Dr Issac said the GP Liaison program is also supporting the Victorian health department’s move to standardise referral criteria used by GPs to refer patients to specialist hospital clinics. The GPLO program is just one way general practitioners and other health professionals are getting involved in areas of the health system beyond the traditional bounds of primary care – whether through interest or necessity. From the person-centred medical home model that places the GP as the conduit for the whole of a person’s health care, to health care workers in crisis situations like epidemics and disasters, the role of primary care is continuously expanding.

The push to get more GPs to cross over the primary versus tertiary divide isn’t only coming from GPs themselves. Adele Mollo, the Divisional Director of Women’s and Children’s Services at Western Health, is employing up to seven GPs to work in their antenatal clinic.

The new initiative coincides with a significant increase in births at Western Health since the opening of the Joan Kirner Women’s and Children’s Hospital last year.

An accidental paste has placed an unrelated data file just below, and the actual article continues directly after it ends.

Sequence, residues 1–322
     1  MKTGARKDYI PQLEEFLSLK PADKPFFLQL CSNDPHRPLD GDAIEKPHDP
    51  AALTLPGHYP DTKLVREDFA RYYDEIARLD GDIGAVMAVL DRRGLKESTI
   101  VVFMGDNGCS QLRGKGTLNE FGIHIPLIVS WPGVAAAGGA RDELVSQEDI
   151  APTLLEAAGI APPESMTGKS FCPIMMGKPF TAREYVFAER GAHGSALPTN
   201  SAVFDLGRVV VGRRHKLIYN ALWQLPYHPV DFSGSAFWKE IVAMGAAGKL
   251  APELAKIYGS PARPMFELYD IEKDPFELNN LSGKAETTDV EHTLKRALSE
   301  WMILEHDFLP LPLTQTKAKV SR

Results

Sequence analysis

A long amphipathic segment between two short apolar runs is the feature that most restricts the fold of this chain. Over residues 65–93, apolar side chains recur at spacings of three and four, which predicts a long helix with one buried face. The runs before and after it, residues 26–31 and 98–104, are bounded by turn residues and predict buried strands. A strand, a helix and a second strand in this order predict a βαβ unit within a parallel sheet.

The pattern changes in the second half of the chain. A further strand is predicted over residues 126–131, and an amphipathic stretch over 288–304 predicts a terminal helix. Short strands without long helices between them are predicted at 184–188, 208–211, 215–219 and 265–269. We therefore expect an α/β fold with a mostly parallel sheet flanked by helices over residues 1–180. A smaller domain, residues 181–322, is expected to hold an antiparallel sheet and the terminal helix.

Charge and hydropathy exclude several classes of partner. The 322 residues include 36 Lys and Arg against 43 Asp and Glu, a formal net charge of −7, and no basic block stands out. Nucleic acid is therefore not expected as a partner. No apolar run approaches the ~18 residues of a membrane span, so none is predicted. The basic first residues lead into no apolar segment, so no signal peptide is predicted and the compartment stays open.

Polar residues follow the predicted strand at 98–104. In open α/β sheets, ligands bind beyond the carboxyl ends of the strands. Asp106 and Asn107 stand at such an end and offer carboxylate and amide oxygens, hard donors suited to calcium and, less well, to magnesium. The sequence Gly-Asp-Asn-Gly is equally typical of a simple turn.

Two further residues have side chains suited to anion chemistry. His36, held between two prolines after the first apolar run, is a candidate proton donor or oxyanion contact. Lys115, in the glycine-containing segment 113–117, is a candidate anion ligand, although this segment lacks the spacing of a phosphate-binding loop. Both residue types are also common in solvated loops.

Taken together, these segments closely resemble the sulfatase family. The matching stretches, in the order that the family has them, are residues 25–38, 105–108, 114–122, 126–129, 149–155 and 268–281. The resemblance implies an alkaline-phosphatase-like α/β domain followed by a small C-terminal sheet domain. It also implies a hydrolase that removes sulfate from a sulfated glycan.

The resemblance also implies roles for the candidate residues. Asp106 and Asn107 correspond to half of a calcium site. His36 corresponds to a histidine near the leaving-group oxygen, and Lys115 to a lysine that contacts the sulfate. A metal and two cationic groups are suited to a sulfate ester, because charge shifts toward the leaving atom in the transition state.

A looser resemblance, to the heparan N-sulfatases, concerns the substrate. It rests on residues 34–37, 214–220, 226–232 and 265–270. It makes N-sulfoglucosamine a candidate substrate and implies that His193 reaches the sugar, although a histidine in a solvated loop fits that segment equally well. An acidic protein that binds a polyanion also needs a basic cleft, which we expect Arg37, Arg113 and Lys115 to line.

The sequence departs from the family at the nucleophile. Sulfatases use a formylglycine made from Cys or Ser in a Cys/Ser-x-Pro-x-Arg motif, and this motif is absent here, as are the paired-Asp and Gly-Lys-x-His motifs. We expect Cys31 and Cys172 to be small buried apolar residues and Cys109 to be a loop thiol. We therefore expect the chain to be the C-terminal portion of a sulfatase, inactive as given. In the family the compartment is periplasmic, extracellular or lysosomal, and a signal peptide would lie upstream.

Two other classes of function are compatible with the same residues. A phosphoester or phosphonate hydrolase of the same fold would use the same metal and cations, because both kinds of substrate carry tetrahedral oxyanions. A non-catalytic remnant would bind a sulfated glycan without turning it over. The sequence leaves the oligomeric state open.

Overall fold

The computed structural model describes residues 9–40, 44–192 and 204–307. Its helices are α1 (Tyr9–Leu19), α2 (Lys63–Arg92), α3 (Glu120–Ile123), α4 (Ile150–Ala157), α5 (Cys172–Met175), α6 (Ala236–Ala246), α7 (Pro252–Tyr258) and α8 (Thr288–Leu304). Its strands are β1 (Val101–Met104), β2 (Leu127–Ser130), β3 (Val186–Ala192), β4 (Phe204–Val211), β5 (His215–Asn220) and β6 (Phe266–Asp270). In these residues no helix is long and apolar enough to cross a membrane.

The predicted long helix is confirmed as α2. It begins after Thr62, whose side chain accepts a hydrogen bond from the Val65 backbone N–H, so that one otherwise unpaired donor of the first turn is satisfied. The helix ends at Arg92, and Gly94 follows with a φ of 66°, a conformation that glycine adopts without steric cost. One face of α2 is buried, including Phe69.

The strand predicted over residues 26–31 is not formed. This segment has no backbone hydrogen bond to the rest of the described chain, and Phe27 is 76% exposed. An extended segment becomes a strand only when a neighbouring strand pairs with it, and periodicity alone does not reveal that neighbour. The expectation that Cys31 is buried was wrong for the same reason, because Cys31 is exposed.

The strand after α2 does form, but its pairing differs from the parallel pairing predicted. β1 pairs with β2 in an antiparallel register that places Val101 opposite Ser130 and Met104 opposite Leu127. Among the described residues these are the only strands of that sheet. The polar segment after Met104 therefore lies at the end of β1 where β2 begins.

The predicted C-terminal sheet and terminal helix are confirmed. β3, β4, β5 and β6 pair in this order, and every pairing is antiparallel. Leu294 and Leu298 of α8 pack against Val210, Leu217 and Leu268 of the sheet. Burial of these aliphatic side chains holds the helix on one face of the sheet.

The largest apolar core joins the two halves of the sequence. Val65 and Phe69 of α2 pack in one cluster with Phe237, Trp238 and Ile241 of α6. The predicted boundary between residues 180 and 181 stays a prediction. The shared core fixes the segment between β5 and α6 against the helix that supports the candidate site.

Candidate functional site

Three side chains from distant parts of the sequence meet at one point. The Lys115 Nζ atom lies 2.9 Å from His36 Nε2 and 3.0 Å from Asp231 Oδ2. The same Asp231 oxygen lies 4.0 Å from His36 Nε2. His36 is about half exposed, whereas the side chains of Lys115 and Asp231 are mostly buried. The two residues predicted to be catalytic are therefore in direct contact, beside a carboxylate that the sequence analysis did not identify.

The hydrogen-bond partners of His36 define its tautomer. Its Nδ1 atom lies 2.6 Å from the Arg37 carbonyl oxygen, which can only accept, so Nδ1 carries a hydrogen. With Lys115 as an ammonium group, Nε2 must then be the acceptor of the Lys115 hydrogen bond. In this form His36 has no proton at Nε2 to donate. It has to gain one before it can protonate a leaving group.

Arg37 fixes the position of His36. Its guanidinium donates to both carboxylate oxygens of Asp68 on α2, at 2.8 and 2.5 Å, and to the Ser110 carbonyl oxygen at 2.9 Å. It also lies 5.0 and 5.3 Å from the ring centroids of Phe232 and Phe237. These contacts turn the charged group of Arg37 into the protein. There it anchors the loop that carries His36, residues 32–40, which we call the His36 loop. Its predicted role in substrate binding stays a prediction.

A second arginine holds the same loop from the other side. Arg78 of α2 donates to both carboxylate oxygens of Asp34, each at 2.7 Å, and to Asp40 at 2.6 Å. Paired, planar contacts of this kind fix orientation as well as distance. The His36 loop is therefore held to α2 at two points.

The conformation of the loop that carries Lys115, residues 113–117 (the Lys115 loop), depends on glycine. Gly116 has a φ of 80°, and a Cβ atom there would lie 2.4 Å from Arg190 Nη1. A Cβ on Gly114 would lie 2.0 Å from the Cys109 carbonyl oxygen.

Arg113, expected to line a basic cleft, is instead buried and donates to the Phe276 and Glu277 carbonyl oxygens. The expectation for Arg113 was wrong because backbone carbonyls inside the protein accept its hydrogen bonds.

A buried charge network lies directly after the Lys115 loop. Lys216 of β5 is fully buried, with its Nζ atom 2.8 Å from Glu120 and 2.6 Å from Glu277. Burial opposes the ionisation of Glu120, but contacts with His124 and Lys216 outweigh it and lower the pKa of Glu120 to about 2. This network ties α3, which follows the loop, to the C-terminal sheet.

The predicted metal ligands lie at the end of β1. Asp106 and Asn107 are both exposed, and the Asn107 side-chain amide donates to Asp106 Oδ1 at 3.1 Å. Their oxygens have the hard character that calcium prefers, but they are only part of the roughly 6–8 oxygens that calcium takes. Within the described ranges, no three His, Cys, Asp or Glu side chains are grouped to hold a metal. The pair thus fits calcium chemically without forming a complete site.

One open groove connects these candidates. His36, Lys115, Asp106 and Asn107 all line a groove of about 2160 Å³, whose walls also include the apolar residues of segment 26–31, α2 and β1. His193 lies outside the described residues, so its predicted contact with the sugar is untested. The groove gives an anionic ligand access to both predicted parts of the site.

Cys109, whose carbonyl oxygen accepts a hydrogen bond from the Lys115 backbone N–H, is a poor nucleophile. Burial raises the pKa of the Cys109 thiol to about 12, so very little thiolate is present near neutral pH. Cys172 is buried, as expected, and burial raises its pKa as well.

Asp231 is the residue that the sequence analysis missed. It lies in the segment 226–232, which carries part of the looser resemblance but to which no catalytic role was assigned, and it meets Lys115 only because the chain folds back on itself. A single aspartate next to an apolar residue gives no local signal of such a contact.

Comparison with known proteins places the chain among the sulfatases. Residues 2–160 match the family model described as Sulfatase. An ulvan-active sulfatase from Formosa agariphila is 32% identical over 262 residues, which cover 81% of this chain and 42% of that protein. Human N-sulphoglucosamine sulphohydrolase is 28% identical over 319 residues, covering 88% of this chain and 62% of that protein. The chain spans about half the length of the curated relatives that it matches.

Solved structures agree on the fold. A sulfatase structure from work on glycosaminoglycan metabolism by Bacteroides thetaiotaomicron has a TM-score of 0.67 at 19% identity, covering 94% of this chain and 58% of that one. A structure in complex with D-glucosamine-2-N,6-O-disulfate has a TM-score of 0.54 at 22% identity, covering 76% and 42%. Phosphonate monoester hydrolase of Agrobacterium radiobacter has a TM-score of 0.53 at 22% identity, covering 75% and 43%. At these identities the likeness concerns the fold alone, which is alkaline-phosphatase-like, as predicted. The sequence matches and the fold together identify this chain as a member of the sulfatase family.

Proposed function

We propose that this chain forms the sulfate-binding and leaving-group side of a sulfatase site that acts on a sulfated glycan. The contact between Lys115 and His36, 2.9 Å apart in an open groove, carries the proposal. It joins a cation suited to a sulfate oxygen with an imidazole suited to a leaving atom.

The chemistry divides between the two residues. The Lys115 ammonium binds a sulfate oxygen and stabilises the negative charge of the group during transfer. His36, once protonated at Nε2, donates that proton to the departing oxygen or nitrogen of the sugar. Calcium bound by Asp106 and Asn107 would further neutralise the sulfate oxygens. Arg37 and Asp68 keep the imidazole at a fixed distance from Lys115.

“This year we’re predicting above 6,000 births,” Ms Mollo said. “So on average, we’re doing about 500 births per month.

“We’ve had to think very differently about the workforce model that we use to provide that antenatal care. And we’re excited to work with our primary health network and with GPs to look to integrate GPs into our antenatal care setting.”

Ms Mollo said GPs are such an important part of the care journey for women giving birth, so it makes sense to have them directly involved in hospital-based antenatal care.

The fact that we can actually integrate general practitioners in our antenatal clinic means that women potentially will see this GP in the antenatal clinic and then will also be able to see the GP over a period of time as their family grows.

“It’s [also] beneficial for us as a health service to have an understanding of what happens in general practice.”

Ms Mollo sees the new collaboration as a way to increase capability for both hospital staff and general practitioners, meeting immediate need and aiding long term health workforce development.